Australian batsman David Warner admits he cannot afford any more off-field misdemeanours if he wants to play in the Ashes.
Warner was suspended from the Australia team until the start of the first Test after punching England batsman Joe Root in a Birmingham nightclub.
He was not selected for the Trent Bridge match and has been sent to Africa to join up with the Australia 'A' squad and spend some time in the middle.
He remains part of the Ashes squad and has been told by coach Darren Lehmann to score some runs and earn his place back in the team.
And he admits he cannot afford any more off-field misbehaviour.
"I know if I stuff up again I'm on the first plane home," he said. "No one needs to tell you that because you already know it."
Warner, 26, admitted he was devastated not to play in the first Test and "kind of broke down" when he told his mother.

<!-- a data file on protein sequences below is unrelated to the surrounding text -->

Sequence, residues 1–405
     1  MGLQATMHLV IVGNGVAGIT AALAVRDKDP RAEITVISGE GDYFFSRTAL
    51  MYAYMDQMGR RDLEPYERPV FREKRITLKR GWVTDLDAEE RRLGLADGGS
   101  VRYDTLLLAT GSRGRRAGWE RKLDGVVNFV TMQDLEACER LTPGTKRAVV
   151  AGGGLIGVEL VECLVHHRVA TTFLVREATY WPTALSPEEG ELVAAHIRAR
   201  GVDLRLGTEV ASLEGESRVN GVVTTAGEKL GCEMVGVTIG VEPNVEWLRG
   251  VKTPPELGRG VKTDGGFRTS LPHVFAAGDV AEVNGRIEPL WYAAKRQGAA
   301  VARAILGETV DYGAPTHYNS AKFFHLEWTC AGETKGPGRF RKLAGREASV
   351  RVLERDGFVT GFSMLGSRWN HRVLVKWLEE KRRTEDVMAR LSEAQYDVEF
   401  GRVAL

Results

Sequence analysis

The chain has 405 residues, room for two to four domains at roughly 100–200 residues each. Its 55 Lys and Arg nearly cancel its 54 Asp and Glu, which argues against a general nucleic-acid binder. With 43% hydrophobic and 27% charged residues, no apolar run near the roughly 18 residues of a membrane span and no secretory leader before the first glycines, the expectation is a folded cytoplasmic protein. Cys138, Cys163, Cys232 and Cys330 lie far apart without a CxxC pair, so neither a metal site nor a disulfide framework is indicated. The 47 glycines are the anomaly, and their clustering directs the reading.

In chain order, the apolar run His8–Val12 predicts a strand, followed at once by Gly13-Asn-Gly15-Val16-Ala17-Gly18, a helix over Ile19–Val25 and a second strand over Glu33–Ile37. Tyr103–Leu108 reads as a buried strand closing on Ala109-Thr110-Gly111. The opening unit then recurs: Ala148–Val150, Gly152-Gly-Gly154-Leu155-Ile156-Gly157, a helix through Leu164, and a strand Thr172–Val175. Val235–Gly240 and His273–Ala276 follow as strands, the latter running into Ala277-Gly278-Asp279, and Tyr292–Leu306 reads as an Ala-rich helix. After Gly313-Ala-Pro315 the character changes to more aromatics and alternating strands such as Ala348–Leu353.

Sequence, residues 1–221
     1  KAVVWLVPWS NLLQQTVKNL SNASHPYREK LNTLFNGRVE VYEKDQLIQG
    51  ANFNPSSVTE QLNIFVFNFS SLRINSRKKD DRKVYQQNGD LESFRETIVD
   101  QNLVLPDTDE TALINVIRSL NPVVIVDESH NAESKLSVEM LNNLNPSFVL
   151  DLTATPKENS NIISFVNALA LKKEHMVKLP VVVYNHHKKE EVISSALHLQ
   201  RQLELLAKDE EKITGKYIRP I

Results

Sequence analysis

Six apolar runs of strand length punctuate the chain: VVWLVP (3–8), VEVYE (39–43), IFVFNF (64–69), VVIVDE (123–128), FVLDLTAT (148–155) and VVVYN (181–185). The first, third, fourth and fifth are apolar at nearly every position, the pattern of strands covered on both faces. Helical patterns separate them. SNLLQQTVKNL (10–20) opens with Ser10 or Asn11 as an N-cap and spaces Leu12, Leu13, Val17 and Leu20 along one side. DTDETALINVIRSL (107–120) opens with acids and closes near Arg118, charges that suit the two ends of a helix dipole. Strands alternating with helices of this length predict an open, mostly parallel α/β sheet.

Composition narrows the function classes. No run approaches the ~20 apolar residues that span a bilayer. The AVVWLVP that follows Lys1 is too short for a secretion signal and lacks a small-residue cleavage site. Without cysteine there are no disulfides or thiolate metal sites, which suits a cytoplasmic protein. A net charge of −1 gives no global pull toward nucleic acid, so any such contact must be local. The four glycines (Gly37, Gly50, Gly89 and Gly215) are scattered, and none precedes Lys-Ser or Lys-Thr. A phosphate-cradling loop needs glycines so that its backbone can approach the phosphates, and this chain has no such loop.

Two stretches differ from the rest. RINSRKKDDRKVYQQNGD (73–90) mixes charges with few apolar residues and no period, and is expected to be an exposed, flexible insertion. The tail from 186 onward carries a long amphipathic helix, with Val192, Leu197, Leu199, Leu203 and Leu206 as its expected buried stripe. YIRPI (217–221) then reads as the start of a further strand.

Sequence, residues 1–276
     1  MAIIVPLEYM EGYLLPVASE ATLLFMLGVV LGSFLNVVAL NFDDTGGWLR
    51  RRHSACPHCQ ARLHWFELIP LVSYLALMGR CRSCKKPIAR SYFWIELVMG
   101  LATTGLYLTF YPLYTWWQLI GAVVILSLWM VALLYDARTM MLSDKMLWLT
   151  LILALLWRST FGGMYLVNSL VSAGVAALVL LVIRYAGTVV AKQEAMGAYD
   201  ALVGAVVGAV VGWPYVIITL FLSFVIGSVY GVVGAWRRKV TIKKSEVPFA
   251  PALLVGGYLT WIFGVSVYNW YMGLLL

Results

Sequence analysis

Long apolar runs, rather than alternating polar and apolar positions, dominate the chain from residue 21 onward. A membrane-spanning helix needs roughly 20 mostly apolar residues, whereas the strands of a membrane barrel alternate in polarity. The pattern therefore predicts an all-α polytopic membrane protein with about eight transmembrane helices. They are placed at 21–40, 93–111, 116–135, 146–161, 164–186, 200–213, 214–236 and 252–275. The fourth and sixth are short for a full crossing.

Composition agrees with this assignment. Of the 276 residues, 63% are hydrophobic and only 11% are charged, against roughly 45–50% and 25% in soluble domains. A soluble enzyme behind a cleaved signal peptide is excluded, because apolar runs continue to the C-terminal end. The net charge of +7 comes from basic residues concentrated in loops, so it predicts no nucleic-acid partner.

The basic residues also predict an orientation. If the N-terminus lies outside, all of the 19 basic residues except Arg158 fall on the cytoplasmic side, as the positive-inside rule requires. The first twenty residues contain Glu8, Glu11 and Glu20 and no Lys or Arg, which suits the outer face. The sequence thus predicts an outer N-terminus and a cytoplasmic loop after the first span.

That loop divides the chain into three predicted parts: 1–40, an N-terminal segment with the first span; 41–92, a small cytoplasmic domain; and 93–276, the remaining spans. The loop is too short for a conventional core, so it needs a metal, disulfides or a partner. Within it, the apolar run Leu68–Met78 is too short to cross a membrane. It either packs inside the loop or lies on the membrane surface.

"It's massive to miss a Test. As a kid growing up, you want to play in the Ashes and after that incident I went back to my room and I was pretty shattered for a week and a half, two weeks," he said.
"I still feel the guilt of what happened. It's led to me being in this situation at the moment.
"Things would have been different, I would have been able to play those warm-up games and I could have pressed my claims to play in that first Test but that's me.
"I put my hand up and accepted the consequences and now it's about me trying to put as many runs on the board in these next two games (in Harare and Pretoria) and press forward. Just get that X factor back that I can have for this team."
Warner admits he is devastated by the suggestion that his behaviour off the field may have been a factor in the sacking of national coach Mickey Arthur shortly before the Ashes began.
"It was probably another thing that was gutting, that I may have played a part in that," Warner said.
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